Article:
It’s no secret to those few bloggers and friends who continue to follow my posts, that my energy for this is waning. I would just like to say thank you for sticking with me. I will be back to reading your posts and writing my own, hopefully soon. Whoever thought when I was in the throes of trying to keep up with all your posts that I would ever say, I miss reading what you’re writing. But I do.

I’ve been reading a small Advent book I purchase many years ago called Let it Be: Advent and Christmas Meditations for Women, edited by Therese Johnson Borchard. It clearly has a religious bent, but not overly so. Many of the readings have secular value. I would like to share a small excerpt from today’s reading that I found particularly appropriate.

Be Patient, Stand Firm

“Commitment and enthusiasm are two concepts that are, unfortunately, often confused. Commitment is that quality of life that depends more on the ability to wait for something to come to fulfillment—through good days and bad—than it does on being able to sustain an emotional extreme for it over a long period of time. Enthusiasm is excitement fed by satisfaction. The tangle of the two ideas, however, is exactly what leads so many people to fall off in the middle of a project.

“When the work ceases to feel good, when praying for peace gets nowhere, when the marriage counseling fails to reinvigorate the marriage, when the projects and the plans and the hopes worse than fail, they fizzle, that’s when the commitment really starts. . .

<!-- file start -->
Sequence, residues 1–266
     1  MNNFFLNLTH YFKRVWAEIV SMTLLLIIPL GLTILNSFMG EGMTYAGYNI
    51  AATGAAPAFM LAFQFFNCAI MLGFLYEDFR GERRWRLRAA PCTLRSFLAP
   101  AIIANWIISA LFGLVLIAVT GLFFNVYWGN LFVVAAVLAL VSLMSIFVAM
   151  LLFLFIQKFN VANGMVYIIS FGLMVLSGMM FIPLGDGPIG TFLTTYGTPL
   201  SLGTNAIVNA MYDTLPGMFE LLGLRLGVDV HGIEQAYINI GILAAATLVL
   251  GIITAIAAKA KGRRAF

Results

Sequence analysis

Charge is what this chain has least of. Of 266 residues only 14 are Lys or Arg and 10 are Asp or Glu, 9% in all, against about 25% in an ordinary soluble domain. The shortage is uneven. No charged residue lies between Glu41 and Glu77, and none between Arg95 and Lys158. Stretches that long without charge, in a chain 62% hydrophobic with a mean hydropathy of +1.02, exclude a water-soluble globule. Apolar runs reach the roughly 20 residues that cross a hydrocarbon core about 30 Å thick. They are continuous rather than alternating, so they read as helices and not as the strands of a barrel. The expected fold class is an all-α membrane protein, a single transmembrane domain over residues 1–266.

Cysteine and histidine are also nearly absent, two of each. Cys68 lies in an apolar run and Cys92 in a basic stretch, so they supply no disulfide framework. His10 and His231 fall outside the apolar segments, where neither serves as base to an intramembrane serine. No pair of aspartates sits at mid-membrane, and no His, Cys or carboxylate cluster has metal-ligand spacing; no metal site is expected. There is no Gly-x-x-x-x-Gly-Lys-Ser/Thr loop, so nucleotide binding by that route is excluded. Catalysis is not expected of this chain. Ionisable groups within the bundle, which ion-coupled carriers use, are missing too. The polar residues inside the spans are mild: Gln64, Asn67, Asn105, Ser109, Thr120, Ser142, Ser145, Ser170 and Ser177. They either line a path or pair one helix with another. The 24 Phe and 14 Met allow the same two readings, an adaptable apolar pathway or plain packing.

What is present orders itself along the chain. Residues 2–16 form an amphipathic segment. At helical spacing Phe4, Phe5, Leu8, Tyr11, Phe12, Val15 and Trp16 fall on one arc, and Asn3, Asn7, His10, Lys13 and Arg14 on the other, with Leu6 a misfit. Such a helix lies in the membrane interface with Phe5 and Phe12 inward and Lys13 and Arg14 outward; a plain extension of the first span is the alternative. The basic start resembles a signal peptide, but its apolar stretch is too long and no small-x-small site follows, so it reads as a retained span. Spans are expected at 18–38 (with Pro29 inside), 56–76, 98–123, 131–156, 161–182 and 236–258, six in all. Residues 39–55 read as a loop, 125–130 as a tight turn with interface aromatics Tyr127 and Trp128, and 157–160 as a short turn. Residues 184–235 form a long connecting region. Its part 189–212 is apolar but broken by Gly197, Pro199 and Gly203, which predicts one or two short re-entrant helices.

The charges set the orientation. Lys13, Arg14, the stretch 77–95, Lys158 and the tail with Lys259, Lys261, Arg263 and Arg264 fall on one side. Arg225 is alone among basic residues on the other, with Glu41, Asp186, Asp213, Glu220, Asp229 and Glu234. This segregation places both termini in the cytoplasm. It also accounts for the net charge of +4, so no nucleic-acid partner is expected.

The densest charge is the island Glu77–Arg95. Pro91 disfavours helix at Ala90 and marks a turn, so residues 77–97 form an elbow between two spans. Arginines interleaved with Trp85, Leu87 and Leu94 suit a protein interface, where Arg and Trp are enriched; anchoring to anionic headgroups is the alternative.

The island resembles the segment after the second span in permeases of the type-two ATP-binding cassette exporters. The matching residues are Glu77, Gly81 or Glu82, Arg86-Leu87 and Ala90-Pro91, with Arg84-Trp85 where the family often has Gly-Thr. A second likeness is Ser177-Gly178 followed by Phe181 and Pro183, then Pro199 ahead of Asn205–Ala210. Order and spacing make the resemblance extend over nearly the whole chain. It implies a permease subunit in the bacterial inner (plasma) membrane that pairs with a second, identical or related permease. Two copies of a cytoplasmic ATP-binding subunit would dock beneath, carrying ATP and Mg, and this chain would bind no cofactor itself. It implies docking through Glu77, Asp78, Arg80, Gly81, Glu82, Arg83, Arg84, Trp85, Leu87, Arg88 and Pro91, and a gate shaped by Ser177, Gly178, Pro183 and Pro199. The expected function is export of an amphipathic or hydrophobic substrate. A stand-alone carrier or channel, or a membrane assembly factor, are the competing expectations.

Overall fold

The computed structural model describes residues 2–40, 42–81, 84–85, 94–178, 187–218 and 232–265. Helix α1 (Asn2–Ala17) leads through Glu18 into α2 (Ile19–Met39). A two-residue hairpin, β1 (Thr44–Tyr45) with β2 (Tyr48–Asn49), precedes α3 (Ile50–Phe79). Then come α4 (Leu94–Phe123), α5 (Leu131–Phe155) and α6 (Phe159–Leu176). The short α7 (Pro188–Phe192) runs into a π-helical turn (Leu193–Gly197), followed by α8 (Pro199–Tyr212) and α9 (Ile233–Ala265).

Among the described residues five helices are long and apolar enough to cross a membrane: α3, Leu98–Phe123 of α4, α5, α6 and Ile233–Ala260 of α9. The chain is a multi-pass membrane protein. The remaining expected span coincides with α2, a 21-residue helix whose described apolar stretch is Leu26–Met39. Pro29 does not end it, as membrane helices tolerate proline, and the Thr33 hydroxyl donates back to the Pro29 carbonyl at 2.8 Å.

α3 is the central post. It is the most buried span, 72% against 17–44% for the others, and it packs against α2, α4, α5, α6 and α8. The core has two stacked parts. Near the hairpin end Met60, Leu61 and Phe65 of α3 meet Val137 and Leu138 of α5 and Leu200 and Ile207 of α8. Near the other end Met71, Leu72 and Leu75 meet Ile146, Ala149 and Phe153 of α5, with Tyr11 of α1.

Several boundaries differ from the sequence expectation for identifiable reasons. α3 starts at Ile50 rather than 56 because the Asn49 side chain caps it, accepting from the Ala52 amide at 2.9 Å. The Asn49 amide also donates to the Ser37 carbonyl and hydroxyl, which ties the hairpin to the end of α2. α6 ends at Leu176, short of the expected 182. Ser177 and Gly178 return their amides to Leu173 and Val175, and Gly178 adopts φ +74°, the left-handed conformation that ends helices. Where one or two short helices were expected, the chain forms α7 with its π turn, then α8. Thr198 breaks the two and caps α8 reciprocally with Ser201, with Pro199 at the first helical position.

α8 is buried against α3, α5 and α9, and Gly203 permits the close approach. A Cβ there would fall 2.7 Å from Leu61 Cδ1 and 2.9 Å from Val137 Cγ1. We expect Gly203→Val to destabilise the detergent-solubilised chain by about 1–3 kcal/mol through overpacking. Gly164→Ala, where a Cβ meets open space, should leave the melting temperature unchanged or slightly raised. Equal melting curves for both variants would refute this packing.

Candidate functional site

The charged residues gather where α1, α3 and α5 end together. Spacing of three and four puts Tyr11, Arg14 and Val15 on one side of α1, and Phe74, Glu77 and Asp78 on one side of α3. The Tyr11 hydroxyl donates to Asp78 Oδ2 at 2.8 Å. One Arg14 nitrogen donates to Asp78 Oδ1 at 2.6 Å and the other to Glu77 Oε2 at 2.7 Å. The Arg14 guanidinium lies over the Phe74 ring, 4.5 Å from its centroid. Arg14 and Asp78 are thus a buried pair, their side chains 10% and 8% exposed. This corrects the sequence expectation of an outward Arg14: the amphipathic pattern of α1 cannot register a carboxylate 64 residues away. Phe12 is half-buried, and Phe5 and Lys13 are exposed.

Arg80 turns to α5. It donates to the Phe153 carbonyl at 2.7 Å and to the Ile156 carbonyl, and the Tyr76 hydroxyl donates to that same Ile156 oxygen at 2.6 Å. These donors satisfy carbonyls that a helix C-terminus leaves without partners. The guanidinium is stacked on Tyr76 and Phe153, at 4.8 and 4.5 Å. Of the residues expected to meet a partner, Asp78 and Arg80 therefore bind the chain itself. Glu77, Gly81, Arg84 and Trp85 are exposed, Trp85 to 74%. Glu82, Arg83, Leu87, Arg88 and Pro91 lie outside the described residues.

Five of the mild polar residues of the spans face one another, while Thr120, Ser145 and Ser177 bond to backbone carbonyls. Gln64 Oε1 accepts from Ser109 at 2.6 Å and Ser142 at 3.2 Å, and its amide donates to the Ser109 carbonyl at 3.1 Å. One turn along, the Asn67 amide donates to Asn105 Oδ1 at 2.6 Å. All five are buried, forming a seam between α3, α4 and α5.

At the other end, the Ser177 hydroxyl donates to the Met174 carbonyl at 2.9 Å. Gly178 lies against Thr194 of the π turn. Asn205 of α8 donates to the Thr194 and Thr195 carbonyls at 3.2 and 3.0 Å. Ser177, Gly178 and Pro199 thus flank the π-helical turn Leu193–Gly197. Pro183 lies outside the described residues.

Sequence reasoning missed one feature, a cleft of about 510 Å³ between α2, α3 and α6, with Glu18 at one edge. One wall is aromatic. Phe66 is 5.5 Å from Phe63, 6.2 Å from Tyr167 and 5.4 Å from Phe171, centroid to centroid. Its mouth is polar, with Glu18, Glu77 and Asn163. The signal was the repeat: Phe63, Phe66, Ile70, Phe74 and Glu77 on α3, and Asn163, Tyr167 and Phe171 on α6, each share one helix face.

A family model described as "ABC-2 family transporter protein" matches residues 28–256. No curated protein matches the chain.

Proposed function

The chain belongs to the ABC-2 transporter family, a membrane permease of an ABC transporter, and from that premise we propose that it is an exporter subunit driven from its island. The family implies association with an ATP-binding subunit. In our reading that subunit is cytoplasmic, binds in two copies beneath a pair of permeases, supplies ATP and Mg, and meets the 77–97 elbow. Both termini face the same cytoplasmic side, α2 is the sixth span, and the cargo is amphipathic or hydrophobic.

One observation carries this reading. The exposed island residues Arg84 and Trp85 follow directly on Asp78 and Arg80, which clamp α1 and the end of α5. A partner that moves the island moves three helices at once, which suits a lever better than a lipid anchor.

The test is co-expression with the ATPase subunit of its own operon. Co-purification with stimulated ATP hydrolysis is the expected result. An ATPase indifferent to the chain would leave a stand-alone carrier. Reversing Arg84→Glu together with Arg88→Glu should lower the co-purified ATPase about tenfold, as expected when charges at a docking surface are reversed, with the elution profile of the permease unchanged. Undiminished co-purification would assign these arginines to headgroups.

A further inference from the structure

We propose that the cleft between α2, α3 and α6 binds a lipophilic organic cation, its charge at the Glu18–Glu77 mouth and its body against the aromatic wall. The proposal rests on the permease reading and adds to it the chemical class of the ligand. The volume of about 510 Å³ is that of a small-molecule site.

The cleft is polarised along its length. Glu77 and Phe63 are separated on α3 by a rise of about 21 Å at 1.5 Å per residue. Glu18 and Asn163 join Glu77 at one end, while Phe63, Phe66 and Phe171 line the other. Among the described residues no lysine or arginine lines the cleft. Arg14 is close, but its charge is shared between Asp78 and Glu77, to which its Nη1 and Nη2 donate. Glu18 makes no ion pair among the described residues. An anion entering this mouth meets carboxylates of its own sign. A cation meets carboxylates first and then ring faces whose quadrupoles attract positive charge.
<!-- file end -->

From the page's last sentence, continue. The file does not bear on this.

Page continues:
“When we feel most discouraged, most fatigued, most alone is precisely the time we must not quit.”

—Joan Chittister, Songs of Joy

If you are struggling with a project, I hope you will keep going.



Mothers’ wisdom

Dear friends, acquaintances, readers, and unconcerned passers-by,

I am sending out this request for guest bloggers who would like to share a memory and write on the topic of mother’s wisdom. Now that Mom is gone, when her little pieces of wisdom come to mind I greet them like a precious jewel. I am planning on sharing those little jewels with you as they drop into my hands. But I realized that we all have pieces of wisdom from our mothers. I invite you to share one here on my blog. I hope to hear from you, whenever, at